I woke up late today, and stretched out in bed, feeling around for the impossibly warm body of my partner for our morning post-sleep cuddle, but he wasn’t there.
A quick glance at my phone filled me in on his whereabouts – he’d ducked out to the store to grab some things and wanted to let me sleep in. He knew I was struggling with insomnia and to wake me up when I was finally getting some rest seemed like a cruel thing to do, especially on a weekend.
I smiled contentedly to myself. Not because of his sweet gesture, but because, since moving in with him a few months ago, this was the first time I’d been alone in the house without him. And I was going to finally get to masturbate again.
So far, I have no complaints about our shacking up together. Things have been blissful. The ‘waking up each day next to my best friend’ thing makes my heart feel full, but the lifestyles we both lead mean he’s always home when I am, so I haven’t had the privacy to have some sexual ‘me-time’ in a while – and I really miss it.
Because even though I’m completely satisfied with our sex life – which is actually better than ever – I can’t deny that I wish I got a chance to masturbate more often.
In fact, my ultimate fantasy right now would be to kick back with a facemask on, a glass of sweet wine on the bedside table and ten minutes with my favorite vibrator. Not because my partner doesn’t satisfy me, but because sometimes I just want to masturbate. And that’s okay.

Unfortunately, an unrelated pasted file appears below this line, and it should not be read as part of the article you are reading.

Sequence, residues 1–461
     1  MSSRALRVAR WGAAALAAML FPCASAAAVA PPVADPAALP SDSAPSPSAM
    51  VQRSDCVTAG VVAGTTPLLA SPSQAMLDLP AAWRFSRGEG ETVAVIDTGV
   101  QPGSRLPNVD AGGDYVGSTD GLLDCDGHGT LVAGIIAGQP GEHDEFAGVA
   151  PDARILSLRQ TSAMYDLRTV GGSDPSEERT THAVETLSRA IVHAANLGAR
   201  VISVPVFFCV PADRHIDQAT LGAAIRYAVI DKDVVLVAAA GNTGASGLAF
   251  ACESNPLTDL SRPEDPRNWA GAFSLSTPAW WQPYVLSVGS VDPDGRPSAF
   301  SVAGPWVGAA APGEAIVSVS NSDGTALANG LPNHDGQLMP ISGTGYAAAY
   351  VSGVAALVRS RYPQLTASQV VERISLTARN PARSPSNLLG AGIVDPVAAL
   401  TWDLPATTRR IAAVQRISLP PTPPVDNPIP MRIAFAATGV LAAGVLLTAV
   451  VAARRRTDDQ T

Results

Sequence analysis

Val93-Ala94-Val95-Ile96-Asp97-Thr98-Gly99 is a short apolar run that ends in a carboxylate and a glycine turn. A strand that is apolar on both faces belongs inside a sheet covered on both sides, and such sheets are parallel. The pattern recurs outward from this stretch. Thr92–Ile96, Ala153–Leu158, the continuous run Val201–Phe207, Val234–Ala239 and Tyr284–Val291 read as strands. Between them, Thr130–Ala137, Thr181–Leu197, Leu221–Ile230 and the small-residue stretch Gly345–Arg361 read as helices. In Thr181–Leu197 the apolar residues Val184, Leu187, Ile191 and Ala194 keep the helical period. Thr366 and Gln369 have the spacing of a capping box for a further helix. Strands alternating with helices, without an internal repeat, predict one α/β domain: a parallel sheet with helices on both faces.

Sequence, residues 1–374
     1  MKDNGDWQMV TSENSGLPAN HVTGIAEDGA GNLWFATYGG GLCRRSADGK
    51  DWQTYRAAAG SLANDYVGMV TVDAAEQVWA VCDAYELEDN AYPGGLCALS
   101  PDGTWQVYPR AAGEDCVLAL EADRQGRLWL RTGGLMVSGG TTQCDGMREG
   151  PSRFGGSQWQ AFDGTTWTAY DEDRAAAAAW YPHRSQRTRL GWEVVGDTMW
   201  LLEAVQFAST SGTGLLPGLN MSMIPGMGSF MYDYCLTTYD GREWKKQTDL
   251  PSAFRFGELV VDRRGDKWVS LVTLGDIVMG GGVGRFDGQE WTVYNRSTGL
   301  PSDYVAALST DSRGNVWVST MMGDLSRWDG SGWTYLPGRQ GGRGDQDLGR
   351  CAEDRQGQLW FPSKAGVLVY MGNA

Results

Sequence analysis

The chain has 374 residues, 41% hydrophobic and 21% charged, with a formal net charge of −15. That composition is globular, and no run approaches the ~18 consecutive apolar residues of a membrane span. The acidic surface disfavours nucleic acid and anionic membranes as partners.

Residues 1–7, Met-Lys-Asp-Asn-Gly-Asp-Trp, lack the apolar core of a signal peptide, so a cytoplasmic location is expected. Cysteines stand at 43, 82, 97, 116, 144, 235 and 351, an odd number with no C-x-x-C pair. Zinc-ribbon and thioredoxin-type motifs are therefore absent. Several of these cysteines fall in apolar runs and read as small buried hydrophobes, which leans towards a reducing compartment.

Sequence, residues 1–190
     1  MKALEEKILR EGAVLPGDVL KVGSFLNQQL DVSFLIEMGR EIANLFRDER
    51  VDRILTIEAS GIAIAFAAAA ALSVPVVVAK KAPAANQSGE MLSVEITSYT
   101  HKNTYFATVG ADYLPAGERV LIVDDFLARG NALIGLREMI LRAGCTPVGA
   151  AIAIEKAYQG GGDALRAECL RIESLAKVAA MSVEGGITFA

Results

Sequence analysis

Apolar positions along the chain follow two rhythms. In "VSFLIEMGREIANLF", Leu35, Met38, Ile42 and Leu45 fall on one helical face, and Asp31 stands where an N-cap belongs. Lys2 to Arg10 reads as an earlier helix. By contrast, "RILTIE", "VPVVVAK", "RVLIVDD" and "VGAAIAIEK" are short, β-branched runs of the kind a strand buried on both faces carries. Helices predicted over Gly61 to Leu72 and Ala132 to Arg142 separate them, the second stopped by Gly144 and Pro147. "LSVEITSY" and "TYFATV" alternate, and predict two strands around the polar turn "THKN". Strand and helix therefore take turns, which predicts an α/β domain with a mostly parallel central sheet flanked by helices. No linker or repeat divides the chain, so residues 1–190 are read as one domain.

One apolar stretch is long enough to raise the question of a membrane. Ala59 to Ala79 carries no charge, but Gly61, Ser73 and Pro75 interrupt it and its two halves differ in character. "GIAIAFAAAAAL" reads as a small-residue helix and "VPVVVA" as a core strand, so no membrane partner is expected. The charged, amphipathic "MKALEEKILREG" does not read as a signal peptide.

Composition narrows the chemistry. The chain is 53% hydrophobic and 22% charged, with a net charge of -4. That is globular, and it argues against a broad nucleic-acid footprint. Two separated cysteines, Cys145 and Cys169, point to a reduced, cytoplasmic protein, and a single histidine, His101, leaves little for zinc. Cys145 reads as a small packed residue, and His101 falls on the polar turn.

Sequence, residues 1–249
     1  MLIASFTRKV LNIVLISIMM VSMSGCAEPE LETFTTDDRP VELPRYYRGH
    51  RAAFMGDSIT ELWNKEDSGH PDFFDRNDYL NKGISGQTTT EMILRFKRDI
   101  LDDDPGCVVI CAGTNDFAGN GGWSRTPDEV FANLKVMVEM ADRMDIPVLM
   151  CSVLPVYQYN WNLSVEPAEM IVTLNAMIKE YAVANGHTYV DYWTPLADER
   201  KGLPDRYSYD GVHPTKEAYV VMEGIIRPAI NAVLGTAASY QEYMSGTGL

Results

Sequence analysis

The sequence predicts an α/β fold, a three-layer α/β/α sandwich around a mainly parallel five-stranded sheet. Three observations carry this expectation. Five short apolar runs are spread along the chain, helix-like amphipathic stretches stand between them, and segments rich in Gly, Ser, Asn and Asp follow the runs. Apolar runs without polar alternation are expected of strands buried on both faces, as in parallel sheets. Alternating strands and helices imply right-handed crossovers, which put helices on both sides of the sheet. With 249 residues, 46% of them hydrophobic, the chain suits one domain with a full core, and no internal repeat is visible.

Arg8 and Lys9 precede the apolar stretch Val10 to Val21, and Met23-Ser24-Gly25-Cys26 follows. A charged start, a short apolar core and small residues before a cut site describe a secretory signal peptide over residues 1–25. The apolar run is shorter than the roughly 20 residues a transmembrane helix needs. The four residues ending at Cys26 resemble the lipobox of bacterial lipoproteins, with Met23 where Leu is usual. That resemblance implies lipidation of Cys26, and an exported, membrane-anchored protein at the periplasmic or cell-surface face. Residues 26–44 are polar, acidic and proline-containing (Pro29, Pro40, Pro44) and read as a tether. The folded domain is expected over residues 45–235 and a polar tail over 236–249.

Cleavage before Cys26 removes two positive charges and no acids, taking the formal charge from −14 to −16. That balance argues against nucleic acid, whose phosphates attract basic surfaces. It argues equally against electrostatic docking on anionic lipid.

Masturbating, for me, is intrinsically tied to my own empowerment. I’d never really ‘explored’ myself until my early 20s, and once I started, I realized it had significantly improved my pleasure when I was having sex with someone else as well. I was able to learn all of the things I liked and what made me tick in a completely new way, and got well-acquainted with my own vagina in the process. And I’m not alone, either.
A 2013 study published in Psychology of Women Quarterly found that a lot of women feel sexually empowered when they masturbate. This empowerment comes from being about to achieve orgasm, having better self-esteem about their genitals, and learning more about their bodies. The study also concluded that when women were able to focus solely on their own sexual pleasure without having to be worried about pleasing a partner or falling pregnant, they felt more sexually empowered.